The Coachella Valley has long been home to a cluster of oases in the rocky desert of Southern California. One of these sought out destinations is the Indian Wells Tennis Garden. Opened in 2000, the facility, nestled into the Old Hollywood getaway of Indian Wells, has undergone an award-winning renovation – recently having been recognized by the United States Tennis Association as its 2014 Facility of the Year. In addition to designing the mechanical, electrical, plumbing and technology integration systems, Glumac designed the lighting for the interiors and exteriors of the multi-court, multi-stadium facility, combining a modern, efficient lighting system with the existing, retro fixtures that line the exteriors.
“Typically stadium lighting is somewhat predictable. There are a couple of showcase opportunities, but it’s more or less just trying to get people around,” Lighting Designer Brian Hahnlen said. “The fun parts were the landscape lighting, the circulation lighting around the campus and the sports lighting. So we wanted to show a little pizzazz.”
As the host of the BNP Paribas Open, one of the largest tennis events in the world, the Indian Wells Tennis Garden offers plenty of opportunity to show off. With the goal of preserving that Old Hollywood feel while blending in more modern lighting techniques, the lighting team looked to the venue’s natural elements for inspiration.
“There are palm trees everywhere, and we used them as a type of light source,” Hahnlen said. “We up-lit some of them to give you the feel that it’s brighter than it actually is, and from the same location we down-lit the pedestrian pathways. It was a huge improvement.”
Glumac’s lighting team was challenged with not just improving the ambiance of the outdoor venue, but also providing lighting to satisfy the needs of a top-tier sporting event for both audience members and television broadcasts. The ESPN standard for lighting was a major requirement that gave the team a difficult set of constraints with regards to Glumac’s sustainability agenda. When dealing with high-definition broadcasting, the lighting needs to be bright and uniform, which means efficiency can easily be pushed into the back seat.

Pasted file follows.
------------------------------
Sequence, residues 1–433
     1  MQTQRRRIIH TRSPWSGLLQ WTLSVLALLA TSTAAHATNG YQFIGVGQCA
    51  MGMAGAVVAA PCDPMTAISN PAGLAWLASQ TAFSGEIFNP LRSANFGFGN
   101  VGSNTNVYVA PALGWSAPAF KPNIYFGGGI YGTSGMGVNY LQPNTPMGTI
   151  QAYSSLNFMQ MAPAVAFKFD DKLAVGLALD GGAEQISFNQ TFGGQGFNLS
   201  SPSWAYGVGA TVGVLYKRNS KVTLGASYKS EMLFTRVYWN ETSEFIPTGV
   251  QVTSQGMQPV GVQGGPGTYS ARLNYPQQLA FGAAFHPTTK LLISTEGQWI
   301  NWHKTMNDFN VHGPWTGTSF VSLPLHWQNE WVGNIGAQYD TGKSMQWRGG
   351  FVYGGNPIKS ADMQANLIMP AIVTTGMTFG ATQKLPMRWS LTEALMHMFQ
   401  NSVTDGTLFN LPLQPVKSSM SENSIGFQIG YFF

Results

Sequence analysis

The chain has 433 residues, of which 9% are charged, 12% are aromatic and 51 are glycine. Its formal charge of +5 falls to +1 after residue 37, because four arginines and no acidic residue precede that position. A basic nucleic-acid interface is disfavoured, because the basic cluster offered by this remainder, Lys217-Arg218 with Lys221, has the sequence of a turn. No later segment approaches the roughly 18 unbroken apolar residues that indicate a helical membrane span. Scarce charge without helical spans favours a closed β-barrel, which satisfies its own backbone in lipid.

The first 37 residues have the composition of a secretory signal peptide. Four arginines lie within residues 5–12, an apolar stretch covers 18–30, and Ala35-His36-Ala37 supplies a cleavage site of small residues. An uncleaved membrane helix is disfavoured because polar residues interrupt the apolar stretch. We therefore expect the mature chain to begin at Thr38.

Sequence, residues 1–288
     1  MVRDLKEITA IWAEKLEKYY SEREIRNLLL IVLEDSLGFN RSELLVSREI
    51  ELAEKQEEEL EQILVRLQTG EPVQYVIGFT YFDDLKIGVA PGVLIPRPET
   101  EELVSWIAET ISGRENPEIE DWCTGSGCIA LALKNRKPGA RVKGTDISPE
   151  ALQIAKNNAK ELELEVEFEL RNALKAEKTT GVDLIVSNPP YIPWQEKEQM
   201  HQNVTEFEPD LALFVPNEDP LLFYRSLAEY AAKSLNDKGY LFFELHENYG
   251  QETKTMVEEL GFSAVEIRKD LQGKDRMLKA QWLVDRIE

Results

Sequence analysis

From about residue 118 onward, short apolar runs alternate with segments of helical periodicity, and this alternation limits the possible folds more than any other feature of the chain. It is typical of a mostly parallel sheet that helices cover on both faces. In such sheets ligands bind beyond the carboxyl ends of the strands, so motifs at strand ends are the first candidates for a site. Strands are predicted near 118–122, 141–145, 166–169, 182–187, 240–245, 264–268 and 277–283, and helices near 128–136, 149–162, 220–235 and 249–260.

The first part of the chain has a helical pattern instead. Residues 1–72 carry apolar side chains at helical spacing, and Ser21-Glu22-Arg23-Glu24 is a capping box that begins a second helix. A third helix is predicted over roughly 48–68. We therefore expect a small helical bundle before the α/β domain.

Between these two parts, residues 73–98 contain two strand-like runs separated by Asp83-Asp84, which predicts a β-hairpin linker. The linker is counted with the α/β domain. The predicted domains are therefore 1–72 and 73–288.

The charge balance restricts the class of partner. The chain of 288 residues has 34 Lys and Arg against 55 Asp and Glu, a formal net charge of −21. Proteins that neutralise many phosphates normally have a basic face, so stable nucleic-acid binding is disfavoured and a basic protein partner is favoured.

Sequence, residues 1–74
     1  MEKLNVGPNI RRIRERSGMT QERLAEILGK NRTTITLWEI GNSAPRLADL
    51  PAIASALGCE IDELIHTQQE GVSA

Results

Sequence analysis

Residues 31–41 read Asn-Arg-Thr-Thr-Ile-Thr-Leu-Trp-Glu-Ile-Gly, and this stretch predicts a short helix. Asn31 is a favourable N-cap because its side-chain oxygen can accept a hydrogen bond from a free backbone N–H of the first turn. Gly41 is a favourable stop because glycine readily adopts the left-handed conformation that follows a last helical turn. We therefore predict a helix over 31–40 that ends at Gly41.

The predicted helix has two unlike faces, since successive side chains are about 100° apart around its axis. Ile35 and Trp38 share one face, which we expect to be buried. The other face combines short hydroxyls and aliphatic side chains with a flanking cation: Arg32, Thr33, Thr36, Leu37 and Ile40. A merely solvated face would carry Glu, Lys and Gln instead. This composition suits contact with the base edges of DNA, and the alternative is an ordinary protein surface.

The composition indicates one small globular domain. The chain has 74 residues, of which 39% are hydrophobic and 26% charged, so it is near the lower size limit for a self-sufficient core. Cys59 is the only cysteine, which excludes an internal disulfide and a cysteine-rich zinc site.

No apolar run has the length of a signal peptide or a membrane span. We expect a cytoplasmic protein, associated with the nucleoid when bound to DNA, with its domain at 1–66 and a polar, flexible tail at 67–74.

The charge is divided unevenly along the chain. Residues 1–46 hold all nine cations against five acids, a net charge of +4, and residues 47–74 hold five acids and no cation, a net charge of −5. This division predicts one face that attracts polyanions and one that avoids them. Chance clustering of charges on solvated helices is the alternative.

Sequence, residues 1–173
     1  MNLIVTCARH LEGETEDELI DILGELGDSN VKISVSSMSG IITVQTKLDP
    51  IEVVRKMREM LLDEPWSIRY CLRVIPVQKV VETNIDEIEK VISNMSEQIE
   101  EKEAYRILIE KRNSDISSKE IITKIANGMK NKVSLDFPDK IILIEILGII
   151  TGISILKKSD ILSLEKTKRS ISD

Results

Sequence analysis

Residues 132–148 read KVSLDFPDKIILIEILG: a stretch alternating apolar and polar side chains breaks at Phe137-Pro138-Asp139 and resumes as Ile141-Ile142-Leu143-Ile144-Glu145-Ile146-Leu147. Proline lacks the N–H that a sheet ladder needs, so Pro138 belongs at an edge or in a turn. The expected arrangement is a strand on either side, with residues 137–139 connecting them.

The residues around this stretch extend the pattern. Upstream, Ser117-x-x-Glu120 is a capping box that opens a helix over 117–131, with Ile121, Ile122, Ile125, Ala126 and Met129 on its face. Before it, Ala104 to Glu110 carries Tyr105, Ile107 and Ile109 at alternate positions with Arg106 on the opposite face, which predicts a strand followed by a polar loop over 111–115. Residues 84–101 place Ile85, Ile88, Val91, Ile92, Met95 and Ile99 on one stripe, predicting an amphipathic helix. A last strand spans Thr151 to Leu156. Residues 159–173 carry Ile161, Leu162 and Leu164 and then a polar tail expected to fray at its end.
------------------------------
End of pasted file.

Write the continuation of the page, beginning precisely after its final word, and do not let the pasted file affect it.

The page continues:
“The ESPN standard really drives the output level,” Hahnlen said. “The owners of the stadium really wanted at least 100 footcandles horizontal. The ESPN standard starts out with the vertical footcandles and the horizontal kind of blends in to it. So, in getting the ESPN criteria, we ended up with somewhere between 150 and 180 footcandles. Now that sounds absolutely ridiculous from a sustainability stand point, but for HD cameras, you really need that much.”
We made up for the day-to-day use in the controls.
For the sports lighting, we have step-down control so they don’t have to run the lighting systems
non-stop at full blast.
Having to meet standards with such heavy usage requirements required some innovative thinking on the part of the Glumac team. They designed variable controls that not only allow the facility to present their events in a variety of ways, but also tamp down usage during certain low-traffic days to conserve energy.
“It’s zoned and circuited so they can use the light as they need,” Hahnlen said. “So we made up for the day-to-day use in the controls. For the sports lighting, we have step-down control so they don’t have to run the lighting systems non-stop at full blast. For the landscape lighting, the controls were tuned to leave the ambient up-lighting off and the down-lighting at 50 percent when they don’t need it. All of those things are layered into the control system, saving energy that would have otherwise been wasted in a comparable facility.”
Finding inroads to sustainable practices for a facility that requires specific energy outputs was a challenge. But the Indian Wells Tennis Garden now features the tools to maintain energy efficiency, save money, while not sacrificing its well-known standard of excellence.
For more information on lighting design for your project, please contact Jesse Smith, Senior Lighting Designer, Glumac Lighting Studio, via firstname.lastname@example.org